At Day 90 after the diagnosis of IM, 19 patients (59%) had died, 9 due to progression of IM and 10 due to progression of the underlying hematologic disease; a clinical improvement of IM was observed in 5 of these cases. Maintenance treatment with oral posaconazole was administered in all 18 responsive cases (56%) for a median of 74 days (range 10–175 days) without relapse of IM. Thirteen patients (41%) were still alive at least 12 months after diagnosis of IM and displayed no signs of active infection; 11 of these patients (85%) were able to continue treatment of the underlying hematologic malignancy and 4 (12%) underwent an allo-SCT without relapse of IM after a time ranging between 9 to 16 months. In a univariate analysis, allo-SCT and steroid administration were negatively associated with treatment success. Recovery from neutropenia was identified as a potentially protective factor (Table 2). Due to the low number of cases at multivariate analysis, no parameters were identified as being significant. In the vast majority of our cases, Lip-AmB was used as front-line treatment, and posaconazole was added when no satisfactory response was observed. Hence, Lip-AmB+POS was prescribed as a salvage approach. In 56% of our cases, a favorable clinical response was achieved (>70% if stable disease was included into the definition). This rate compares favorably with recent case series, in which response rates ranged from 32% to 59%,1–3 and with the response rates reported from a compassionate use trial that evaluated posaconazole as salvage therapy. In the latter trial, 6 of 13 patients (46%) receiving Lip-AmB+POS displayed a favorable response; all were partial responses.10
Clearly, many factors besides the choice of antifungal agents may have contributed to patient outcome. We were not able to evaluate the impact of different Lip-AmB and posaconazole dosages on patient outcome due to the limited number of cases and the lack of regular therapeutic drug monitoring. Another important factor we could not adequately control was the impact of surgical debridement on patient outcome. In contrast with previous analyses,3,11 surgical removal of infected tissue was not identified as a protective factor. This may, however, be explained by the limited sample size and a tendency to perform surgery only on severely ill patients.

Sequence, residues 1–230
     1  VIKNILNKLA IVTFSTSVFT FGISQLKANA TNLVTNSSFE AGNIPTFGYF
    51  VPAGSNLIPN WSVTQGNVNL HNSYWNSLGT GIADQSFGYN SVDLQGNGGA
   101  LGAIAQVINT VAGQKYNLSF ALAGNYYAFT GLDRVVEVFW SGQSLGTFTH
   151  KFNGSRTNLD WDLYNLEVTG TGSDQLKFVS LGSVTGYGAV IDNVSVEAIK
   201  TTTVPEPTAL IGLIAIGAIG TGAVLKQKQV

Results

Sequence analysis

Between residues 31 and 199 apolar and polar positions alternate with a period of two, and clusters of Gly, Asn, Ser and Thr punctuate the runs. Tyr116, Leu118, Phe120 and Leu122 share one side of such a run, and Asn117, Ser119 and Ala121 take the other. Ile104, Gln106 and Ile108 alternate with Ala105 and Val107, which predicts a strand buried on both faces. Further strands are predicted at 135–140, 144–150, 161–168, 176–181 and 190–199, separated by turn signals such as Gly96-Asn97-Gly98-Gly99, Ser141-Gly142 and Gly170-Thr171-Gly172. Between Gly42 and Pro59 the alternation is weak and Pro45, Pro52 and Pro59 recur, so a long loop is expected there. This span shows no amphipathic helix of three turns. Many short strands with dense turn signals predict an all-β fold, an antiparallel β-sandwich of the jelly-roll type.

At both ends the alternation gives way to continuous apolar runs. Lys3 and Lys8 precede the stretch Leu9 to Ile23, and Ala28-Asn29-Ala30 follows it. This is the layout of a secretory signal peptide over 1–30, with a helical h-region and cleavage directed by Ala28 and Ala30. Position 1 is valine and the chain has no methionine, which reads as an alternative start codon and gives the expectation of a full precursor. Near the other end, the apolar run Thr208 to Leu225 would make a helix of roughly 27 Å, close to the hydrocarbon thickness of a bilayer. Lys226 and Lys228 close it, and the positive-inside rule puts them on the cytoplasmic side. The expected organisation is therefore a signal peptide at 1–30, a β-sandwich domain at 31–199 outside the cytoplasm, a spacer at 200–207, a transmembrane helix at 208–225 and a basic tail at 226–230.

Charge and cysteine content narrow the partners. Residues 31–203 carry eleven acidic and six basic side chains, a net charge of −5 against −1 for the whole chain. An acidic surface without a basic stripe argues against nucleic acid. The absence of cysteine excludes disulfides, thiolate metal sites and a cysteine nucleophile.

Finally, the influence of deferasirox could not be assessed in our analysis. While previous in vitro studies as well as animal studies suggested a synergistic effect of deferasirox in combination with L-AmB,12 a recent interventional trial examining this failed to confirm such an association.13 In our series, deferasirox was added only in 3 cases, all with a favorable outcome. Nevertheless, this should only be considered a subjective observation.
In patients responding to therapy, maintenance treatment with posaconazole was frequently administered for prolonged periods of time. It permitted 11 patients (34%) to continue treatment for the underlying malignancy, and prevented relapse of IM during subsequent periods of neutropenia. Interestingly, in 6 (19%) of these cases, an allo-SCT could be performed.
Our case series may have been subject to selection bias, as only those patients who survived long enough to receive a combination therapy were included. However, since interventional trials on this question are unlikely to be performed any time soon, data from registries remain the only available source of structured information on the treatment of mucormycosis.
In conclusion, our analysis suggests that a combined antifungal treatment with Lip-AmB+POS may be considered in patients with very aggressive forms of IM.